Google says Microsoft cheated by aping its search results. Microsoft disagreed with that term, but acknowledged using customer data to improve results. Pundits weigh in.
Google Feb. 1 capped a public smear campaign that
backfired by claiming that Microsoft's Bing team is indeed cheating by copying
its results for some Web search queries.
Google last summer looked at the search results for an
unusual misspelled query, torsorophy. Google returned the correct spelling -- tarsorrhaphy
-- along with results for the corrected query.
While Bing had no results for the misspelling at the
time, Bing later started returning the same first result -- from Wikipedia -- to
users without offering the spell correction, as Google shows in these
After finding several more examples where Bing surfaced
similar results, Google expanded its investigation by faking 100 queries and giving 20 engineers laptops with a
fresh install of Microsoft Windows running Internet Explorer 8 with Bing
Toolbar installed. These test subjects enabled IE8's Suggested Sites feature.
These engineers entered the synthetic queries into the
search box on the Google home page and clicked on the results, only to find the
faked results surface on Bing later.
"Bing results increasingly look like an incomplete,
stale version of Google results -- a cheap imitation," Google Fellow Amit
Singhal wrote in a blog post. "And to those who have asked what we want
out of all this, the answer is simple: we'd like for this practice to stop."
The public firestorm started Feb. 1
with Search Engine Land's post
on the issue, then continued a few hours later when Cutts confronted
Microsoft Bing Vice President Harry Shum over the issue during a
Bing-sponsored search roundtable.
The discussion didn't get resolved very much. Cutts
accused Bing of copying Google search results using some combination of Internet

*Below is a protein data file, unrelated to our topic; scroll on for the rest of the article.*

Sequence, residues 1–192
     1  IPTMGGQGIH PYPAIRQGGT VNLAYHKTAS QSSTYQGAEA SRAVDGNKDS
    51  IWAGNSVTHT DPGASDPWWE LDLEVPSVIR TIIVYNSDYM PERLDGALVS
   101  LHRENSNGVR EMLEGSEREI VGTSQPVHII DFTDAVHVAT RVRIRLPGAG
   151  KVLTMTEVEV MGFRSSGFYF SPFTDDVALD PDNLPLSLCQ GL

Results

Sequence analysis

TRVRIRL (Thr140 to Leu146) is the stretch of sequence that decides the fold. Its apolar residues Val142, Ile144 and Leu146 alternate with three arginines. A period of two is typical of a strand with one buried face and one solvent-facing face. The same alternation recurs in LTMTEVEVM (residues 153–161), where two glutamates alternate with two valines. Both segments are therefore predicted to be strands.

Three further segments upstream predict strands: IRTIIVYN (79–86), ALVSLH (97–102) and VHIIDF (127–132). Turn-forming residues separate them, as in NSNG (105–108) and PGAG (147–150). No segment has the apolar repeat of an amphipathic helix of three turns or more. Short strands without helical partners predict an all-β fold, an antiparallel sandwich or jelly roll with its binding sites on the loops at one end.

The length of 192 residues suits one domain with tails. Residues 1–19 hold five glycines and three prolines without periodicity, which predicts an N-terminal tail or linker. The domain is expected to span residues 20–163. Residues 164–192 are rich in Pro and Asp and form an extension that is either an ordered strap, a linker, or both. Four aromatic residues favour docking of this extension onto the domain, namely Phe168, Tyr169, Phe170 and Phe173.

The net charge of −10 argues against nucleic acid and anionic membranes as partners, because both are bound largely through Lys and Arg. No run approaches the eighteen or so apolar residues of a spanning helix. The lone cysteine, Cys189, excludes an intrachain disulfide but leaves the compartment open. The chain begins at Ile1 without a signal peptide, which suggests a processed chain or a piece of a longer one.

Explorer 8, which can send data to Microsoft via its Suggested Sites feature
and the Bing Toolbar.
Shum, who acknowledged gleaning customer data like any other good
search engine, denied copying Google results and called examples of
results that appeared to
mimic Google's outliers.
Cutts wasn't sold and Singhal later published the aforementioned blog
Whether Google proved Bing cheated or copied its
results is irrelevant for the media, which is looking aghast at a company with
a 66.6 percent search market share complaining that a rival with 12 percent
market share isn't playing fair.
Some believe Google is embarrassed and annoyed by the
recent exposure of its search engine being loaded with spammy results.
public relations team believes
"Google wants to change subject because they're under
investigation in the US and Europe for manipulating search results."
These two reasons seem flimsy for a company with such market
However, Google could be getting back at Microsoft
because, as company officials have told eWEEK privately, it believes the
software giant has done all it can to put U.S. and European government
regulators on its tail for abusing antitrust laws with its search engine.
We also know that Google has a history of being
accused of copying things
, from successfully appropriating Overture's business
model a decade ago, to Java code for its Android platform of late.
That is to say, this latest Google versus Microsoft skirmish may be one big case of pot meeting
the kettle over the color black.